For many years, fishermen in the North Sea, between Britain and Denmark, have found fossil bones in their nets.
This fossil catch has yielded over 200 tons of fossil bones, and over 15,000 mammoth teeth.
The bones include remains of mammoths, three different species of woolly rhinos, hippos, lions, bears, wild horses, bison, elk, reindeer, hyenas, wolves, and Sabre tooth cats of at least two species.
They tell of a whole community of animals.
Beneath the North Sea lies a lost landscape.
This land was as big as modern Britain - hills and valleys, rivers and forests, marsh and moor.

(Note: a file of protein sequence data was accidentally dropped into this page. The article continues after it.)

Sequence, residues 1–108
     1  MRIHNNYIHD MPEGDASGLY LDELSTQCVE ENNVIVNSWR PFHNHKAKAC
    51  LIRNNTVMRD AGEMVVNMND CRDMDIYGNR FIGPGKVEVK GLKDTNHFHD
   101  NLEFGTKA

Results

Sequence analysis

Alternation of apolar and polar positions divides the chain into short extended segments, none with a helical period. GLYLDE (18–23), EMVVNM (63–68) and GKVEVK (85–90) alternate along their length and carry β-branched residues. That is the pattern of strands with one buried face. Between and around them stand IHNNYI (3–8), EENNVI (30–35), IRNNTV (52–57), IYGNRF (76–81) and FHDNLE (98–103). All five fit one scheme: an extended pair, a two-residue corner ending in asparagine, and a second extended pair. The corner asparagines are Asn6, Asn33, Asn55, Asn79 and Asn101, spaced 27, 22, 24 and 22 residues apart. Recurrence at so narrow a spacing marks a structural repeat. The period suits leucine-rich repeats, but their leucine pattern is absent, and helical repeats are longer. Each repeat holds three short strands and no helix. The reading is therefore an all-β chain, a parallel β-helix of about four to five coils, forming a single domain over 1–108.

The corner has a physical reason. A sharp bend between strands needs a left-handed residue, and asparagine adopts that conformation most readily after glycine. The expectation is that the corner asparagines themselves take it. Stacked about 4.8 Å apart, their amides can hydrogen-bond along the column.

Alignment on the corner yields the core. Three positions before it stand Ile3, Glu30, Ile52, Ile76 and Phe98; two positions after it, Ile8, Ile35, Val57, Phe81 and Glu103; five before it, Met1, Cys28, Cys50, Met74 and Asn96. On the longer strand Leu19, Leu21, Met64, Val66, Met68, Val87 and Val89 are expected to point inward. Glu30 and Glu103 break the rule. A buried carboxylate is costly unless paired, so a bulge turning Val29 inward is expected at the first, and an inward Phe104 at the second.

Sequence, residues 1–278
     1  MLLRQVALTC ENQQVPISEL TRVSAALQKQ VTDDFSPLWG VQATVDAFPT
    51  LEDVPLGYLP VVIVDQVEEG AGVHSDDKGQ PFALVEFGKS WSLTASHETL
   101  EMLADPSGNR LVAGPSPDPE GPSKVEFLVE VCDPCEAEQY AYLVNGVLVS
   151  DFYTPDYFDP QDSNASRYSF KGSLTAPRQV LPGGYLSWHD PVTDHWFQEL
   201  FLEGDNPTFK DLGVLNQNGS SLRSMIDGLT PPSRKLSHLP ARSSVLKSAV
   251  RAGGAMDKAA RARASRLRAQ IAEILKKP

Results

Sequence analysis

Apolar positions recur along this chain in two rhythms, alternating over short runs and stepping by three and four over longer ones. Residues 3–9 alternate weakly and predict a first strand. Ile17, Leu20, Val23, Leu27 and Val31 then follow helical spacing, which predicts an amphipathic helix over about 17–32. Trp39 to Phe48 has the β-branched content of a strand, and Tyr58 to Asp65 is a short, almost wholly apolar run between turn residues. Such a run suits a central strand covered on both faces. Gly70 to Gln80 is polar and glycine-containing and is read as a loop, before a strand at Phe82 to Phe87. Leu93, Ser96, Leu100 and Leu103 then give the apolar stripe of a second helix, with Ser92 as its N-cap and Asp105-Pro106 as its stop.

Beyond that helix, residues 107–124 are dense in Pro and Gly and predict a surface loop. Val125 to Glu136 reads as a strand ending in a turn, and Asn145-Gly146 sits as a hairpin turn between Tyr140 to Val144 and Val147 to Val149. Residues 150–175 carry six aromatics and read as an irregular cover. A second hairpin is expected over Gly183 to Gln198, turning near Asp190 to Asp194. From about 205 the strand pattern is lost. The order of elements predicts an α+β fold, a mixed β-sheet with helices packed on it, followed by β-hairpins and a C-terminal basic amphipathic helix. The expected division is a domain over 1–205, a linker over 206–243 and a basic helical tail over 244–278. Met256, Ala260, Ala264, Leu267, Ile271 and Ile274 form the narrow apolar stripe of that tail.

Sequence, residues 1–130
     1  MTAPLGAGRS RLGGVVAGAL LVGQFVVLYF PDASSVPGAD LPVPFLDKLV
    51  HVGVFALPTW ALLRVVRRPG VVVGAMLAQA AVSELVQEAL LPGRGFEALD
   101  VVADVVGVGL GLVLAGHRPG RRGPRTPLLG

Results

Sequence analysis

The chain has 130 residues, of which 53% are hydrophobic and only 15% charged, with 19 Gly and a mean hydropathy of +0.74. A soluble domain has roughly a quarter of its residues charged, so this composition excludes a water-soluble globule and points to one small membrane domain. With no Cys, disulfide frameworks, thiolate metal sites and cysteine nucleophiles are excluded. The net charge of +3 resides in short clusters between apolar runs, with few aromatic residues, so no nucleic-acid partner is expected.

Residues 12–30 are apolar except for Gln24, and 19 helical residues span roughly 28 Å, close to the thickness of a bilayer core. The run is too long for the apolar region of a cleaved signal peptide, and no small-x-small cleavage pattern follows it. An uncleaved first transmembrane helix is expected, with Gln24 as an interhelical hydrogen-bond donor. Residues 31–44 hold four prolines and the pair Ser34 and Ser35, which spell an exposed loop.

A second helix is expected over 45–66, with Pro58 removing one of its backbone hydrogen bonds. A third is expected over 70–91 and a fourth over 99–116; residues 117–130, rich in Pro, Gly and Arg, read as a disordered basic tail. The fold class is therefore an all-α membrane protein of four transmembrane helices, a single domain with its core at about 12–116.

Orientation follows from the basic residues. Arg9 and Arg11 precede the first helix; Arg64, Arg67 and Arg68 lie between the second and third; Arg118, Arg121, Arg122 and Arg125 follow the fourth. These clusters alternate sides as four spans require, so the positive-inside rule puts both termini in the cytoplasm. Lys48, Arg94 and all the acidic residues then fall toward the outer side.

Sometimes warm and marshy, and at other times a frozen tundra.
This has been named "Doggerland".
"Doggerland" is a name given to a vast lowland plain, with the northern coastline stretching from Shetland to Jutland.
The Thames flowed into the Rhine, which turned south, and made the English Channel its estuary.
The highest point was a hilly region where the Dogger sand-banks are today.
It was gradually flooded by rising sea levels around 6,500 BC.